Having scoured the globe via the Internet for promising power grid technologies, General Electric today said it and its partners will invest $55 million to into 12 energy-focuses start-ups.
At a press conference in New York, CEO Jeffrey Immelt said that GE will also give out five $100,000 grants to scientists with less mature technology ideas. In another initiative, it will make $10 million available starting next year in a new University Challenge to spur more expertise and research in grid-related technologies, such as power electronics and materials science.
In July, GE announced that it and four venture-capital companies-- Emerald Technology Partners, Foundation Capital, Rockport Capital, and Kleiner, Perkinsk, Caufield & Byers--will invest $200 million in companies with ideas to make the grid more efficient and reliable. This initial investment, made up of $45 million from GE and the rest from venture capital companies--will be followed by more later, Immelt said.
Many of the companies chosen for the investment fall into the category of "software and sensing," Immelt said. Sentient Energy and FMC-Tech make a set of sensors to better manage energy flow and spot problems on the grid. Others were SynapSense, which makes energy-monitoring equipment for data centers, and Scientific Conservation which monitors building energy.
On the energy efficiency side, GE and partners invested in Opower, a company which generates energy efficiency recommendations for consumers, and Soladigm, a company which makes windows that automatically tint to lower energy use.
They also invested in SustainX, a company which designed a system of storing energy for utilities using compressed air in tanks, and in ClimateWell, which is making a solar-powered air conditioner for consumers.
Having an investment from GE will help these small companies get to market quicker, which is particularly difficult in the energy industry, said Tom Noonan, the CEO of JouleX, which makes energy management software for data centers.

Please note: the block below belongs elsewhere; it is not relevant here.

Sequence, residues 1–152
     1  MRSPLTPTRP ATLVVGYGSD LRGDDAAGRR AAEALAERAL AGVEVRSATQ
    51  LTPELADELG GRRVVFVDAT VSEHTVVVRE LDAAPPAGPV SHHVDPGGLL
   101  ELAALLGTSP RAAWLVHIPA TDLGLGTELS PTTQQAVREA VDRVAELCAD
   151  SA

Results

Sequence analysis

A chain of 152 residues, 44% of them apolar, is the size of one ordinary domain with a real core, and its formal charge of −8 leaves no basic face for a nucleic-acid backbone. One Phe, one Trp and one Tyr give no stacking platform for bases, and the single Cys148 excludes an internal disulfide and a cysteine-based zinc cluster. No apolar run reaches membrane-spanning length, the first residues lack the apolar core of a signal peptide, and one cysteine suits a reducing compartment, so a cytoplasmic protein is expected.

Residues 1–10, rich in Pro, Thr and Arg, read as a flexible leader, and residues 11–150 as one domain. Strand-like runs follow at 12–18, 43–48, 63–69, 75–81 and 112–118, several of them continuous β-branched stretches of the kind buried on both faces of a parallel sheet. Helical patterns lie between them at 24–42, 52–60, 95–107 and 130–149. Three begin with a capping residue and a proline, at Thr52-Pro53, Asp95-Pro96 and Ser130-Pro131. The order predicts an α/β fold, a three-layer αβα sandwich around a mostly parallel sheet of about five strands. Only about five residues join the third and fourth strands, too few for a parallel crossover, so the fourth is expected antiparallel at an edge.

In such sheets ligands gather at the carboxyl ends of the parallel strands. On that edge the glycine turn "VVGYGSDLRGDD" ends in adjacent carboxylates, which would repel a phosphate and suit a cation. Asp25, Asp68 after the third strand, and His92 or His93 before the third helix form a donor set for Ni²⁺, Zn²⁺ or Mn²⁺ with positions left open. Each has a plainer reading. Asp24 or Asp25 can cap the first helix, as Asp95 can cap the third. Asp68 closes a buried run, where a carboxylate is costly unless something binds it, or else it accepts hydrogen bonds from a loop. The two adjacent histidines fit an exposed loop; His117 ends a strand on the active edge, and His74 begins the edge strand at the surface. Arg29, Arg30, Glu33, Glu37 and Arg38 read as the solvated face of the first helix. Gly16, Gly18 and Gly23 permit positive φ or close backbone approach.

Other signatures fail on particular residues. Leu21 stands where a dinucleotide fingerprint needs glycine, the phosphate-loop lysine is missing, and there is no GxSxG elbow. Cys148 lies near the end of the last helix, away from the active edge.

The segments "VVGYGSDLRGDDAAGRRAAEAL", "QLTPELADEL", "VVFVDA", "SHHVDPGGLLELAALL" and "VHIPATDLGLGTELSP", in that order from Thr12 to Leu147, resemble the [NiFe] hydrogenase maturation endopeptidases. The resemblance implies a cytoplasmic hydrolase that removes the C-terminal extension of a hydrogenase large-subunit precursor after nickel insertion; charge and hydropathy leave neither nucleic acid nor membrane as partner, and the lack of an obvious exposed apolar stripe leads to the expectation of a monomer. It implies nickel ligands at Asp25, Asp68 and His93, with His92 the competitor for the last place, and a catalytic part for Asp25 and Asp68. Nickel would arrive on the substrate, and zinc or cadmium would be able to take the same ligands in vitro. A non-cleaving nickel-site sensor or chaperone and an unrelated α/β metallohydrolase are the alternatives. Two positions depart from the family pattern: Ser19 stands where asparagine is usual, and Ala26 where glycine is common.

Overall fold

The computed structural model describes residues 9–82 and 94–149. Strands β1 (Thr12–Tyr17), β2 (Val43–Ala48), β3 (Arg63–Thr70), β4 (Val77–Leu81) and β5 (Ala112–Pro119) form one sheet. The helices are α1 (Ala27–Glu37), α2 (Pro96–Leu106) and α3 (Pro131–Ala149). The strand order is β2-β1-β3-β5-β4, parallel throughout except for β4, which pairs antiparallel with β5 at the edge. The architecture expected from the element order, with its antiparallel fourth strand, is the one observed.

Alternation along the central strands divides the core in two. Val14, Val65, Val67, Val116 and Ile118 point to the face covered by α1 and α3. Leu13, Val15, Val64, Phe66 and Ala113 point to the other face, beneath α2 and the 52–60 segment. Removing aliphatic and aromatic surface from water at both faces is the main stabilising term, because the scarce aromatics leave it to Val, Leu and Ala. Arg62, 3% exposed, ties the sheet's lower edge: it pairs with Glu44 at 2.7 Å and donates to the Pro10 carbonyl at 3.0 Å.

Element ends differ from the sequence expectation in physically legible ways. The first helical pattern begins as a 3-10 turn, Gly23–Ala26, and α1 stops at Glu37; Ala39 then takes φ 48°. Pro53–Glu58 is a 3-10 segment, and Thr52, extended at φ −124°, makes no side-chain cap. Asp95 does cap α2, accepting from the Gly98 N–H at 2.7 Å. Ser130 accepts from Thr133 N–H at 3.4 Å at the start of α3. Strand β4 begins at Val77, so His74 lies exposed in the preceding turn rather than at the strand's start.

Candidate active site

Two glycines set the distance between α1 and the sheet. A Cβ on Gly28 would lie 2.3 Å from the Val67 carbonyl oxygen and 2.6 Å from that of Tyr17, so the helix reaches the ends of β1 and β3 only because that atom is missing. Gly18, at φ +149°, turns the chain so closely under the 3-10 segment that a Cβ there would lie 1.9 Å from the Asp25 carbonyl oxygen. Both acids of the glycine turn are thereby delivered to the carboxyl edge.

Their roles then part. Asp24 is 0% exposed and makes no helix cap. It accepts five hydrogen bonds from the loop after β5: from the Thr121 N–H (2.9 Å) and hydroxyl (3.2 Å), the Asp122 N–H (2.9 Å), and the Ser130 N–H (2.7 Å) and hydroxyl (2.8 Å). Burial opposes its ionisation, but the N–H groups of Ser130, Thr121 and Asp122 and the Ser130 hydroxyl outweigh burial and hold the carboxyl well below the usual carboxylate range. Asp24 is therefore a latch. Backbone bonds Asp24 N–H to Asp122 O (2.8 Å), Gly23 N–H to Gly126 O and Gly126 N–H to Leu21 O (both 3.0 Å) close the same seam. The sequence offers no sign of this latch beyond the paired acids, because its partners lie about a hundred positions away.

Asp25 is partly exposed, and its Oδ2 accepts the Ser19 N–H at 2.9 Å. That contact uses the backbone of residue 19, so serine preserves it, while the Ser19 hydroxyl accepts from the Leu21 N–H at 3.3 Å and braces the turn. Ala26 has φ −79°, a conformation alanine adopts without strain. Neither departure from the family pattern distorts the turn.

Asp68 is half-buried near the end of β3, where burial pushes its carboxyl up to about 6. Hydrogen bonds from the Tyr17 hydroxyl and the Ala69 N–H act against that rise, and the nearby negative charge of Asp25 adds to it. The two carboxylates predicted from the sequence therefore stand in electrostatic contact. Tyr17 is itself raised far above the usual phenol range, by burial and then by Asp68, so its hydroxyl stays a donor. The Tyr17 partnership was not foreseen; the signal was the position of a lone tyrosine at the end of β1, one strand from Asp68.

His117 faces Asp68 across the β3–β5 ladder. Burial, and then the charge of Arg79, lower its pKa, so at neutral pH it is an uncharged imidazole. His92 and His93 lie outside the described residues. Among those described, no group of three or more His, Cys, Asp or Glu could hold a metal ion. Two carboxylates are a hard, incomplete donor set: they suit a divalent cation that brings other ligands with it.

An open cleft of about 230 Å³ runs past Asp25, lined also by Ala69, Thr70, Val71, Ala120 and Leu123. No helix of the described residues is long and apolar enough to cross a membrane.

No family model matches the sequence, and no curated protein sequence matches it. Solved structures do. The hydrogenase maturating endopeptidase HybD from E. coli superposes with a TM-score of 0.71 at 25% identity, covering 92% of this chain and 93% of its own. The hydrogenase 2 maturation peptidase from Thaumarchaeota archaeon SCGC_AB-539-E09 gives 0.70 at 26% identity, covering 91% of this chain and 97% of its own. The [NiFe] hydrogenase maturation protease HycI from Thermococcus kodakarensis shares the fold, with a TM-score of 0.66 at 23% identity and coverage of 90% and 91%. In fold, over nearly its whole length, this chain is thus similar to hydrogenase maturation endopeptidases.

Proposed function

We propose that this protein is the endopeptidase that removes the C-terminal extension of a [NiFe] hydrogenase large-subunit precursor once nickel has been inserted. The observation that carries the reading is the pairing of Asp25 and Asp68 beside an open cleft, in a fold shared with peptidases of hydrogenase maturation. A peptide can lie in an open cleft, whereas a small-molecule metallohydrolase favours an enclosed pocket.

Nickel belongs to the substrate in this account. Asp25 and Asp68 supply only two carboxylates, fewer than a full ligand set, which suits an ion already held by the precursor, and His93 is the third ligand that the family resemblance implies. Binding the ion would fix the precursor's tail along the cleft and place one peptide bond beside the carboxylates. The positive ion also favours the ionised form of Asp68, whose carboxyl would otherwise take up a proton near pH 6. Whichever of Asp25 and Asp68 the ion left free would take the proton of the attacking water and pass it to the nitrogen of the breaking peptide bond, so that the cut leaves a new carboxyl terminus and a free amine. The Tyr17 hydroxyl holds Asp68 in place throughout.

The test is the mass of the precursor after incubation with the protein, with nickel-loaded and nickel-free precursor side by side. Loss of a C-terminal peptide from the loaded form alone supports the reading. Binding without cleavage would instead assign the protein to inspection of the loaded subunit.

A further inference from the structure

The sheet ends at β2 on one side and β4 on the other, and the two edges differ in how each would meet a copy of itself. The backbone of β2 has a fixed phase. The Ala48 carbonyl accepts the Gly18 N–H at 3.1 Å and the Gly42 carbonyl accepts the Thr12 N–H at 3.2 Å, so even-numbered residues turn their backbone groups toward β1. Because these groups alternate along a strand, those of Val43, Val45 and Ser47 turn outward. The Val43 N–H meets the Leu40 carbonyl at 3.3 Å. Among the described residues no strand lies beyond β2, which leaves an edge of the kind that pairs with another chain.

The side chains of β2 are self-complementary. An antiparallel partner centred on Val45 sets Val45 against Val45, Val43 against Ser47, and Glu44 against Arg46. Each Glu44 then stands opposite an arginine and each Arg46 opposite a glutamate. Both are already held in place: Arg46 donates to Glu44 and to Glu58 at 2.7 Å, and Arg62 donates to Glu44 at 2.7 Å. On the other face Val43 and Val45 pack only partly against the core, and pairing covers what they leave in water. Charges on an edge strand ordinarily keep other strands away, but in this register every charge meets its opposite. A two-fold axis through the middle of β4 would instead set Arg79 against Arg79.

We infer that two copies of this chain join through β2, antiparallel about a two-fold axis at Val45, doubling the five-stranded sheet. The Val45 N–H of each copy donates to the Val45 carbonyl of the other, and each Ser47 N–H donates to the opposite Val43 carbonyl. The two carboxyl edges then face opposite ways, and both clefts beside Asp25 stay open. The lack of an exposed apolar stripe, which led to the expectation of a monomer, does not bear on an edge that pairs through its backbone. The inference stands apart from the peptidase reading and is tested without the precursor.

To give an idea of the money required to commercialize energy products, Immelt said that the money Google raised before it went public is equal to what is required to build one solar power plant.
In all, GE's panel of judges evaluated about 3,800 energy-related proposals from 150 countries. The $100,000 grants went to more risky ideas, including Capstone Metering which makes a water meter powered by flowing water and inflatable wind turbine blades from a company called Winflex.
There were also "Consumer Innovation" awards of $10,000 given out to people who gained a lot of votes online during the contest, which included Clarian Technologies, which is making a "plug and play" solar power system designed for relatively small solar systems. Solar Roadways, which envisions power-generating roads made from solar panels, received $50,000 for getting the most votes among people participating in the online discussion around the grid challenge.
In terms of its venture-grade investments, GE has built a database of potential companies and plans to continue investing the rest of the $200 million between now and the end of next year, said Beth Comstock, GE's chief marketing officer.
One of the big differences between the traditional venture capital model and working with GE is that the due diligence process is more rigorous because GE experts were tapped to evaluate very technical contest submissions, said Steve Vassallo from Foundation Capital.
Looking forward, GE will seek to keep the community of entrepreneurs and scientists it gathered online engaged. The company is also planning to develop a referral system to match companies in different stages of development with the appropriate source of funding and research, such as universities and angel investment groups, Comstock said.
Updated at 11:00 a.m. PT with additional comments. Updated at 8:55 a.m. PT on November 17 with correction to company name JouleX.